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Interview: ManMachine

by François Zappa

A little bit before the beginning of the Ombra Festival, while I was going through the really interesting line-up I came across the shocking music of Goran Uroich, better known as ManMachine. The Croatian musician, together with his Roland XP50, has composed a number of quite naked tracks where he tells his stories, most of them autobiographical, with a very personal style. So far, he has released two albums, three EPs and a few singles that were compiled in 2017 by the Oraculo label in a seven-track vinyl. After listening a lot to this album and seeing his live, I really wanted to know a bit more about the creation of these tracks that have really captivated me during these past months.

—In a short documentary made about you, you said that you started your musical career playing in some bands like The Receptionists, ANNA and ZenPop. Can you please tell us a bit more about your experience in these bands?

—It was a wonderful experience. I remember the first time a band played a song that I wrote, there were tears rolling down my cheeks. I played with my friends in all of these bands and we had a lot of fun while making music that we liked. We were all very young and were not interested at anything else other than making music, having a good time and enjoying ourselves.

—In that documentary, you also said that the decision to start a project on your own was a reaction to these bands. Were you feed up of rehearsing and composing with other people?

—I had problems with anxiety and had to move all the time. I was moving from city to city, I was always broke, I could not keep a job for longer than a few months, relationships lasted even shorter, I was always looking for something that was not there and people just could not follow. And at the end I just ended up alone. I liked making music and I decided that I would try to do it on my own with a Roland XP50.

—I guess ManMachine is a reference to Kraftwerk famous album. Why did you choose such name?

—At the time I didn’t know about that famous album by Kraftwerk. It was just machine and I on the stage at that time and so I named us ManMachine.

—As influences you have named David Bowie, Lou Reed and Frank Black. How have these musicians influenced you? Was the storytelling of Lou Reed an influence in your way of writing lyrics?

—I think that inspired would be more accurate term than influenced. I never conscientiously wanted to sound like those musicians but when I listened to their music it made me want to make music. All the art is basically storytelling. I really like Lou Reed’s songs, especially the Velvet Underground stuff.

—In reviews, writers have compared you with Leonard Cohen and you made a cover of one of his songs. Was him an influence for your music or lyrics?

—I really like Leonard Cohen’s early stuff with the acoustic guitar and I would never dear to make a cover of one of those songs because they are just perfect. But later, his music become overproduced and he started adding things that were too much in my opinion. I worked in a restaurant when the song “First we take Manhattan” came out and I thought what a great song that would be if it was a little faster and a little more raw and if it would lose that awful part of “I’d really like to live beside you baby…” that every 80’s hit had to have. And then, I remembered that years later and recorded my own crippled version of that song and really liked the result and I released it (the same year that Leonard Cohen died).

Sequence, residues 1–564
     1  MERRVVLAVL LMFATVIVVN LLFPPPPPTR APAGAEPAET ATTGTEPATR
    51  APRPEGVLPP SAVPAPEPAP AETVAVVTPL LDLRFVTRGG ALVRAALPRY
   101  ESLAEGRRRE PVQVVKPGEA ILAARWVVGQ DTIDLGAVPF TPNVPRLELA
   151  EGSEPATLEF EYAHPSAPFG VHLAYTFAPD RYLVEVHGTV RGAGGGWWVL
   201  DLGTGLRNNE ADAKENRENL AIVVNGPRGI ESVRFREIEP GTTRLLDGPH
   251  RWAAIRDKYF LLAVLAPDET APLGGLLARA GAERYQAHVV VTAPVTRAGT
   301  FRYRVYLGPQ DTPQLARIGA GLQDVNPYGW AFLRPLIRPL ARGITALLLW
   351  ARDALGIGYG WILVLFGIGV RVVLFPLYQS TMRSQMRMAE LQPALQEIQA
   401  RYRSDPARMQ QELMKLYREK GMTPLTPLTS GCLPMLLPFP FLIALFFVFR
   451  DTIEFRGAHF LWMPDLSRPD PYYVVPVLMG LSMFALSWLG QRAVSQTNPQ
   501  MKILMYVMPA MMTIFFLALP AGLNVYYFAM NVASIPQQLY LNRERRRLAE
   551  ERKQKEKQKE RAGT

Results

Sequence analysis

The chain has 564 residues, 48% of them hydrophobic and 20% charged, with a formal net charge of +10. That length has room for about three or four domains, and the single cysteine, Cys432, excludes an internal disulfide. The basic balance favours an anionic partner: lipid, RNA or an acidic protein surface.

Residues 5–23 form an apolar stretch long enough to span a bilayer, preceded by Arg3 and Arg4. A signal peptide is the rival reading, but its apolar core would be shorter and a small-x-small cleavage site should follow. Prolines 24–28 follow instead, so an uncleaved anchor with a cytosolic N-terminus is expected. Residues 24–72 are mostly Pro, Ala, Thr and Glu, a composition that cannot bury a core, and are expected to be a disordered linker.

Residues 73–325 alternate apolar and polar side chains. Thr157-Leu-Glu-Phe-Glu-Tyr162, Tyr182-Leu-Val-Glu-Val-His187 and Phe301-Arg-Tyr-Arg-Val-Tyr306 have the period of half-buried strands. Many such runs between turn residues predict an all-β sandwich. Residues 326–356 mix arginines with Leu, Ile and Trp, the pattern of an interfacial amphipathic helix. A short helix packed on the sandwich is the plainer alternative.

—Your first show was in Netherlands around 2002. Then you stopped until 2010. What happened during these years?

—Heavy depression. The life that I described before caught up with me and in 2004 and I moved back to my hometown to live with my parents. I was just vegetating for years, not really wanting to live, let alone be making music. Here and there I would play a gig to make some extra money but that was it. I lost all the interest in making music (as I do from time to time).

—Why did you choose a Roland XP50 as your musical companion? Anything special with this synth?

—It was the orange screen. I saved some money and went into a second-hand store of music gear. I asked a guy behind a counter if they had a keyboard that had a drum machine in it and bass sounds and if I could record some tracks on it and perform live with it and he showed me a few similar keyboards. I didn’t really know how they worked at the time but I really liked the little orange screen on Roland XP50 and so I bought it, and the rest is history.

Now I’m Immortal was your first album, recorded according to you when you were sick and could not get out of bed. How do you think that this period of your life influenced your musical production? 

—The fact that I was sick helped me because I didn’t have to waste my energy on going to a stupid job (I think that I worked at a warehouse at the time) but instead I could stay home and record my music, yet I was getting enough money to pay the rent and to buy food. My friend gave me his old laptop and my girlfriend (she had a credit card, so I didn’t have to pay it at once) at the time bought me a two-channel mixer and beside the Roland XP50, that was all the equipment that I used to make that album. I don’t know much about music production I just try to do the best that I can with what I got.

—You said that all your songs are personal. Do you use them as a kind of catharsis?

—I just try to tell a story. I don’t feel any catharsis when the song is done. I just feel tired like one feels after he has finished a hard job.